Anyway, I'd be kind of hypocritical if I now spent too much time analyzing the fine points of the encounter, since I've decided that much of the attention it's been given has been overblown and unproductive. After all, is the arrest of a world-renowned scholar and FOB (Friend of Barack) REALLY representative of the plight of the black race? I mean, I know we can extrapolate from that and say, if it happens to a well-dressed, well-spoken (oops, I'm steering dangerously close to Biden's infamous "articulate" comment!), highly educated elite living in a smug intellectual community, just think how bad it is for the average African American! And that's true.

But we can also fall in the trap of making the fight for justice in a matter like this a proxy for the broader fight for racial justice in our society. I mean, Henry Louis Gates is gonna be alright. His life chances wouldn't be affected one iota even if fate would have it that he was convicted of such absurd "disorderly conduct" charges and even spent a week behind bars. He would still have his audience--it has increased his visibility and name-recognition, and that's not a bad thing. I know it sounds like I'm downplaying the righteous anger he expressed and humiliation he suffered. I shouldn't. They were real. But my point is, for the press and public to spend so much time and energy dissecting this ordeal--don't you wonder if the time and energy might be better redeemed working on behalf of victims of racial discrimination, perhaps in our local areas, whose stories never see the light of day? And working to raise public awareness of stubborn structural causes for racial disparities, and trying to dismantle those structures? And helping whites to see the racial log of white privilege in our own eyes instead of trying to pick the speck of Affirmative Action and the so-called "race card" out of others' eyes?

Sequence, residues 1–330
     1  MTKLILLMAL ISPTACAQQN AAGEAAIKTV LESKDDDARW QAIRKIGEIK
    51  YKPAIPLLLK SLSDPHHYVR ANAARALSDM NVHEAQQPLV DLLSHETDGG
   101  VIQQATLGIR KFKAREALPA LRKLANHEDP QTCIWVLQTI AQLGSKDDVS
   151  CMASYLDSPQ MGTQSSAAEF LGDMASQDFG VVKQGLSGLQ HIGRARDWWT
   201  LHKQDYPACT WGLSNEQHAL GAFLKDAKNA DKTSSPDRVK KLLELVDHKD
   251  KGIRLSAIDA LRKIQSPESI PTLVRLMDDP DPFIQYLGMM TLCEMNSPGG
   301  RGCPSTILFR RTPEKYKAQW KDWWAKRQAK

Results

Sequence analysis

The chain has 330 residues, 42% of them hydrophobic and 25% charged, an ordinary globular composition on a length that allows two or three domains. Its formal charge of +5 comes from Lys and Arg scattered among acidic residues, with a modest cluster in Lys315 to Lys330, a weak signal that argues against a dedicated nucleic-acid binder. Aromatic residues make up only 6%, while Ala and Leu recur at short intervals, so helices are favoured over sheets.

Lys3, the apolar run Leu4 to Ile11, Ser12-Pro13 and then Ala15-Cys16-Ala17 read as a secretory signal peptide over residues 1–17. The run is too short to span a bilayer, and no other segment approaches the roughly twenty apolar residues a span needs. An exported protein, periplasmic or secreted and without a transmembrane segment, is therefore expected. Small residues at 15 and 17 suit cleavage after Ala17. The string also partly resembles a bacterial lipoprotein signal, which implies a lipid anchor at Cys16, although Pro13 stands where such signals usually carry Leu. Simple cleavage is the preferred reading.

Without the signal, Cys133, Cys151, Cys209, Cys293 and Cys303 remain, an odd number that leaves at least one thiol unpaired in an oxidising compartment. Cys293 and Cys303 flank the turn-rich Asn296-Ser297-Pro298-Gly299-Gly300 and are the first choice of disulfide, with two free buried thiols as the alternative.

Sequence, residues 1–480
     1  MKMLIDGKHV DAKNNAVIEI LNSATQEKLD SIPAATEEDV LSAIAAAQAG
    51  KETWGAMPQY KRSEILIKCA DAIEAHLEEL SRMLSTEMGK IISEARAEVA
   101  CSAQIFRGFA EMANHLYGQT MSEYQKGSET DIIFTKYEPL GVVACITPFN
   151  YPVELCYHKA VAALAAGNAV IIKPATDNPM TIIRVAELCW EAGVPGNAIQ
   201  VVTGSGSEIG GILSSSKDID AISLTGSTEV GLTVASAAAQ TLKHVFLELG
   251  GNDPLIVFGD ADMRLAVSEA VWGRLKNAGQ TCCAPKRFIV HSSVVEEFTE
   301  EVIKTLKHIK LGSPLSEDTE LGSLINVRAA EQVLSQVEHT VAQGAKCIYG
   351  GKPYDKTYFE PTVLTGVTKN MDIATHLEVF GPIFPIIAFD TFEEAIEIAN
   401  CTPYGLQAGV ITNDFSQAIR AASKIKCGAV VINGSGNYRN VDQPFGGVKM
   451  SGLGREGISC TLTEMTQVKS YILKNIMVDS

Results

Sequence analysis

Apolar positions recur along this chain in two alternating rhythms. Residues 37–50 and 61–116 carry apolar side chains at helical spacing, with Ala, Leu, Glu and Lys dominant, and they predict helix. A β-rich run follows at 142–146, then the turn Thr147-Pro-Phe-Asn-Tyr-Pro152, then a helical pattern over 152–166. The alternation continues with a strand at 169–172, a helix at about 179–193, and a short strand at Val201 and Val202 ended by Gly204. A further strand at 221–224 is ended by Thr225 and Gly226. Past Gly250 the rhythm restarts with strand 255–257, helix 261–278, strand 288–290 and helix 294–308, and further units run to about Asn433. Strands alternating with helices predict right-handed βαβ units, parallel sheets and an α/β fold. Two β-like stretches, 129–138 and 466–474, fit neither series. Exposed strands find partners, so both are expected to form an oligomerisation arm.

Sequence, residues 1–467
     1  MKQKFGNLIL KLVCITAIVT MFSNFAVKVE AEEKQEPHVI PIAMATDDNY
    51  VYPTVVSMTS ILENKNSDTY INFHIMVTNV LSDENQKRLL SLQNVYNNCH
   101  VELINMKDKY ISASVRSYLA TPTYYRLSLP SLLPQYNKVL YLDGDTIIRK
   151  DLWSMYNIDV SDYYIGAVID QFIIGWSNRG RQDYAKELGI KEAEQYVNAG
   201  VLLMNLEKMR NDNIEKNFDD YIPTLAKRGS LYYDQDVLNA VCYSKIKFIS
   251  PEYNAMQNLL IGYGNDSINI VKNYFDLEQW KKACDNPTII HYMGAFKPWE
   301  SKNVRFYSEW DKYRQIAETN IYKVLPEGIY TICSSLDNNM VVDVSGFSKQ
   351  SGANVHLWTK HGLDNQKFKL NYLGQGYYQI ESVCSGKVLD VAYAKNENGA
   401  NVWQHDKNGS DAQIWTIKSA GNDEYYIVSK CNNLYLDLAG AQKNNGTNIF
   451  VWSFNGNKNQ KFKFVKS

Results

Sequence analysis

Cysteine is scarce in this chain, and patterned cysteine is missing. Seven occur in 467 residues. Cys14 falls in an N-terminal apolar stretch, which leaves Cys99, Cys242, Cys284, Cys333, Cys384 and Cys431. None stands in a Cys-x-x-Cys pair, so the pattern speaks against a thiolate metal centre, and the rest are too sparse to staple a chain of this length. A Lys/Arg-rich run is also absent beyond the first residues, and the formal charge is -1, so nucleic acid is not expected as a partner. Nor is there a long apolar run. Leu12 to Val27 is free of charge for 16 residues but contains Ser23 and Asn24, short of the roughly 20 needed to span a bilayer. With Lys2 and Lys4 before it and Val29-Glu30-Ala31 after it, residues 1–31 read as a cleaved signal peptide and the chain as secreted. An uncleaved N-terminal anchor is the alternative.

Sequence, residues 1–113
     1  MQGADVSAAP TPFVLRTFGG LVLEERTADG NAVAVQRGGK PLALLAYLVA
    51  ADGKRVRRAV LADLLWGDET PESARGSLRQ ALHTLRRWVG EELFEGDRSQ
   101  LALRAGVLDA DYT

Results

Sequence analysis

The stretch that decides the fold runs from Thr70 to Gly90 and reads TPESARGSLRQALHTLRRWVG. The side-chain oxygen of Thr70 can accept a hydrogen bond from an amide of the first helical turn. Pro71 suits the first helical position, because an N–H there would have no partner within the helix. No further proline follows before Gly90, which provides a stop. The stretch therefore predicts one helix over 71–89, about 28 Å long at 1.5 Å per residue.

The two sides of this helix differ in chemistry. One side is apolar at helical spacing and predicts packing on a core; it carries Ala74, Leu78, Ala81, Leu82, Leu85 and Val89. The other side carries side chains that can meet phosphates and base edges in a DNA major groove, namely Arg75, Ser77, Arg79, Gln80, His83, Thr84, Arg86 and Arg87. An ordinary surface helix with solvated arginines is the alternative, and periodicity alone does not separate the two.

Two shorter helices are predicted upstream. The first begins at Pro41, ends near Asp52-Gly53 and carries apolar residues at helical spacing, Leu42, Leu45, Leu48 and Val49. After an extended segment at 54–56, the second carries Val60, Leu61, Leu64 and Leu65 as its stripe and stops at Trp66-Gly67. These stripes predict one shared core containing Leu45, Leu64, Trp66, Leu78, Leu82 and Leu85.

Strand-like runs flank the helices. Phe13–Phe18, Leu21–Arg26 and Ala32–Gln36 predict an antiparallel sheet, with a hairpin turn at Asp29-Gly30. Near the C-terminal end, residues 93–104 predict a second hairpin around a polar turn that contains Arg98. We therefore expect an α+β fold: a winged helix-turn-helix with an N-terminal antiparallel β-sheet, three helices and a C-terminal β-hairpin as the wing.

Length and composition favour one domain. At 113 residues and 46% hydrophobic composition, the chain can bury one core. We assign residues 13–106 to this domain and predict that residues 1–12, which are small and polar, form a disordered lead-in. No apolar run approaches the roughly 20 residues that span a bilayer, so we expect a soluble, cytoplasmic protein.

There. I got that off my chest. Maybe being mostly silent for a few weeks was good for a broader perspective. Better to wait until I had something "wise and profound" to say. Or maybe I was just being lazy, and asleep at the blog. Anywho...